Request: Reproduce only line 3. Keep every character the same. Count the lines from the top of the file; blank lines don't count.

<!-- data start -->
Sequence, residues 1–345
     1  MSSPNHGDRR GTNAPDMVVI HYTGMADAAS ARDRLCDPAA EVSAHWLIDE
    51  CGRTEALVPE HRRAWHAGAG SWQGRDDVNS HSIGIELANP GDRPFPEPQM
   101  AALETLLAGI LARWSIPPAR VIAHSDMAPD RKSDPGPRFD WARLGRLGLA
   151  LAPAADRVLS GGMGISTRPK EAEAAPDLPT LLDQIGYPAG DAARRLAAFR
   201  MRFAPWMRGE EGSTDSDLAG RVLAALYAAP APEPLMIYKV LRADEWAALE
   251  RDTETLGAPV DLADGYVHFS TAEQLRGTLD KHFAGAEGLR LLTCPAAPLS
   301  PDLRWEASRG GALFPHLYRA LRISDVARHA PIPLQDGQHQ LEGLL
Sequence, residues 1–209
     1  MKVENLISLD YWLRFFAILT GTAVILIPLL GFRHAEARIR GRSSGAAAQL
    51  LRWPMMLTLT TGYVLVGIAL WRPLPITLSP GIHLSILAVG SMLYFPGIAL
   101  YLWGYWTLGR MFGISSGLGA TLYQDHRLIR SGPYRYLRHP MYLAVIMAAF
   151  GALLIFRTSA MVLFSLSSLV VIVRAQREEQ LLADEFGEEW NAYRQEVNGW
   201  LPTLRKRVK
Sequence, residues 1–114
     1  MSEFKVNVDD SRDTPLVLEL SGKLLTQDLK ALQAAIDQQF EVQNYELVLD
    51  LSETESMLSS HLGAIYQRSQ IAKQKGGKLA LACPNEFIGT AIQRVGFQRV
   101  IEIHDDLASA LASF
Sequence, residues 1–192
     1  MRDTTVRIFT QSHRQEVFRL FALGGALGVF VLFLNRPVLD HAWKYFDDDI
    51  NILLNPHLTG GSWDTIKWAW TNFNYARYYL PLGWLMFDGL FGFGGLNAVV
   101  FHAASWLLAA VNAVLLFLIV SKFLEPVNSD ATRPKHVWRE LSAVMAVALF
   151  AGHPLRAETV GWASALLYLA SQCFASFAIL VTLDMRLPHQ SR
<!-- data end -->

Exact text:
    51  CGRTEALVPE HRRAWHAGAG SWQGRDDVNS HSIGIELANP GDRPFPEPQM